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It is quite amazing what music does to me; how it makes me move, sing; how it brings up emotions … no, how my emotions respond like they are in a dance with the music. The music calls and my emotions answer – in an instant. And then the dance begins, often literally. I am compelled to move once the music speaks to me. Sometimes with poignant emotion, sometimes with just an infectious rhythm that I feel compelled to express myself to. I want to answer it’s call. And so if I don’t move my body, I drum … on something – much to the chagrin of some people around me. Too bad for them I think. On the other hand, I often meet people who are amused and intrigued by my spontaneity.

No question, music is our easiest access to transformation. Without music most of the movies you’ve seen would not have had the emotional impact they’ve had. Take a look at the video clips that I posted on July 11th and 17th of this year. Do you think either of them would have been noteworthy without the music?

Music literally transforms how you feel in an instant, and for The Practice of Your Life I would like to bring this to your attention, because how we feel – our mood, our attitude towards things – directly influences what’s possible for us. Music transforms our mood, how we feel in a particular moment. Music can literally transform who you are being while you are listening. Want to feel aggressive, happy, sad, angry, determined, passionate, anxious, fearful, terrified, proud etc., etc. There’s a song out there that will do the job.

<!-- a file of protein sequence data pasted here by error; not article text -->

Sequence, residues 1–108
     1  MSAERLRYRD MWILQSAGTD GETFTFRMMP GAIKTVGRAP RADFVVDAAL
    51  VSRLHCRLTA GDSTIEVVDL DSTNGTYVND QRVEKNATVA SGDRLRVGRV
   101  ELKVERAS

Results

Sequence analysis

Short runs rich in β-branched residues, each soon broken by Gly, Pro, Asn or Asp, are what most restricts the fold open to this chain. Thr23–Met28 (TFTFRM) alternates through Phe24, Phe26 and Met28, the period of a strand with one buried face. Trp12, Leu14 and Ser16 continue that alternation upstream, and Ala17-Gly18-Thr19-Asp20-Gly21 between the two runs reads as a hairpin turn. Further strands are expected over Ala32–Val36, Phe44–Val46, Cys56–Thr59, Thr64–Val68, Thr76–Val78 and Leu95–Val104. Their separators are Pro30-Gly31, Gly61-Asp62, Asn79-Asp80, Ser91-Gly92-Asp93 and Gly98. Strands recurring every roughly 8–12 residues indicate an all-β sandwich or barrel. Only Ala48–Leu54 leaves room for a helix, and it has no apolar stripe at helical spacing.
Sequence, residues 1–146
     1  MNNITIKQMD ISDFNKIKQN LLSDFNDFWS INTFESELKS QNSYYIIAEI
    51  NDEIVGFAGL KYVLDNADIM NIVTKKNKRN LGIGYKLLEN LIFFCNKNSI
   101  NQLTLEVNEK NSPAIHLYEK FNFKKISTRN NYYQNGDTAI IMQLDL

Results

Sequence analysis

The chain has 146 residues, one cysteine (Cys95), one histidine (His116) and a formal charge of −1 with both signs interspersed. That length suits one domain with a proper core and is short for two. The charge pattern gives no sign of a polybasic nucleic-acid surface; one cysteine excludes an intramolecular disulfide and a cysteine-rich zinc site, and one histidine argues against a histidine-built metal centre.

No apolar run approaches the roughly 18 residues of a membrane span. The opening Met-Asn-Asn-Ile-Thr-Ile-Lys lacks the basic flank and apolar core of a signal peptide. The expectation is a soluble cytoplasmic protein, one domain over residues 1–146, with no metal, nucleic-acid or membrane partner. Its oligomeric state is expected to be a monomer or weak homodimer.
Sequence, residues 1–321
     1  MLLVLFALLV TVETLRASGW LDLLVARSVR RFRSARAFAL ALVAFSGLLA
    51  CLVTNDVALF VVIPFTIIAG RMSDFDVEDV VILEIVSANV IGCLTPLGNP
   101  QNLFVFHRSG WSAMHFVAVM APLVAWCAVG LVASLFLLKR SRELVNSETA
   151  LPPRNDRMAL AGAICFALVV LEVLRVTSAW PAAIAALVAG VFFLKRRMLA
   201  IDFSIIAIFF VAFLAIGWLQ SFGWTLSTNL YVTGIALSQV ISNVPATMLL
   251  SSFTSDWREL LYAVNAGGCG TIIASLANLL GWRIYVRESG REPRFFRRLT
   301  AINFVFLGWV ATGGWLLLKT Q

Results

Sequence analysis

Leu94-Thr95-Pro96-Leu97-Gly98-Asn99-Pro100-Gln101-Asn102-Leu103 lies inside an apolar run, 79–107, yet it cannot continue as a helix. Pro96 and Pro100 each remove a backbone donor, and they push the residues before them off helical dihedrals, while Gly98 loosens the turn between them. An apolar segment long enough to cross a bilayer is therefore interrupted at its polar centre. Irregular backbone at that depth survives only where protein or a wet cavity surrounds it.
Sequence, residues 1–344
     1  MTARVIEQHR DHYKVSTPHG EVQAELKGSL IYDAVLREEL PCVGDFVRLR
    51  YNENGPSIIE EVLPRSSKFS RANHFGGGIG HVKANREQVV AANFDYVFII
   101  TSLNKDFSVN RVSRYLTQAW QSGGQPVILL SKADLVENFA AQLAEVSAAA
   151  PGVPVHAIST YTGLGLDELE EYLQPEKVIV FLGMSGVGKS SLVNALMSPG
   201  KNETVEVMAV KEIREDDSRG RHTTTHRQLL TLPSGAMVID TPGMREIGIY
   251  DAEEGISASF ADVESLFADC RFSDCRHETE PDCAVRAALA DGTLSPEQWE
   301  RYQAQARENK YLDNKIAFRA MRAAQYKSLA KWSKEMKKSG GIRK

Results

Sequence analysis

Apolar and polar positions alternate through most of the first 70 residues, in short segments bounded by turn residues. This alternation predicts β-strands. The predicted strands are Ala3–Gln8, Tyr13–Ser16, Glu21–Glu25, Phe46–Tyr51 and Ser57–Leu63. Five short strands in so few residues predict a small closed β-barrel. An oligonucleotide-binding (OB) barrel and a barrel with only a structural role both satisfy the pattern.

The power of music comes from it’s ability to bring up the entire range of possible emotions in us. So why not bring attention to the music that you listen to? Consciously categorize the music you listen to by the mood it brings up for you, and use it to transform negative emotions to positive ones, to transform down moods into up moods.

(Disclaimer: I’m not saying that there is anything bad or wrong about down moods or negative emotions. Human beings are meant to experience the full range of emotions, and you’d never know which way was up if you’ve never been down. I am saying that your mood does influence how you think, what you say and what you do. Up moods tend to open up more possibilities in your thoughts, words and deeds, and down moods tend to shut down possibilities. I am saying that you can consciously choose to change your mood and when you do music can help.)

Happy music for me comes from the Caribbean and South/Latin America e.g. Soca, Zouk, Merengue, Salsa, Samba etc. Most of the songs of these types lift me up and I want to grab a woman in dance.

When I want to feel powerful I listen to Sinatra and sing.

When I want to feel or express sorrow, there’s no one artist for me but there are several songs that bring up a sweet beautiful sorrow like, This Old Man (Kenny Rankin), This Woman’s Work (original by Kate Bush and a really great interpretation by Maxwell), A Day in the Life of a Fool (done by Kenny Rankin and really emotional rendition by Patrick de Santos).

Some songs like And So It Goes (Billy Joel) and Yesterday When I was Young (Charles Aznavour) make me reflect on my life.

Songs like Drown in My Own Tears (Ray Charles) bring up a cheerful, sad, wise optimism about life. Ray Charles by the way covers the whole gamut for me. In fact if I were to have only one Artist’s work with me on a deserted island it would be his.

Lounge music creates a great atmosphere for sensuality, and when I want to work out I look to Rockitwave 8.

So why not take an inventory of your music and start using it for effect. In the same way that you might use music to artfully engineer a seduction, or produce a max calorie burn, you can also use music to set the stage for thinking, reading, reflecting and simply managing how you feel. I highly recommend using music in the practice of your life. And you get to create what that looks like.

Tip: Use whatever feels. 😉


I want an iPhone so bad it hurts. I recently spent some time alone with one and maaan, …. it was hot. The way it responds to my every touch. A gentle caress and I’m invited into worlds I never knew were available for me to explore. And they’re oh so exciting.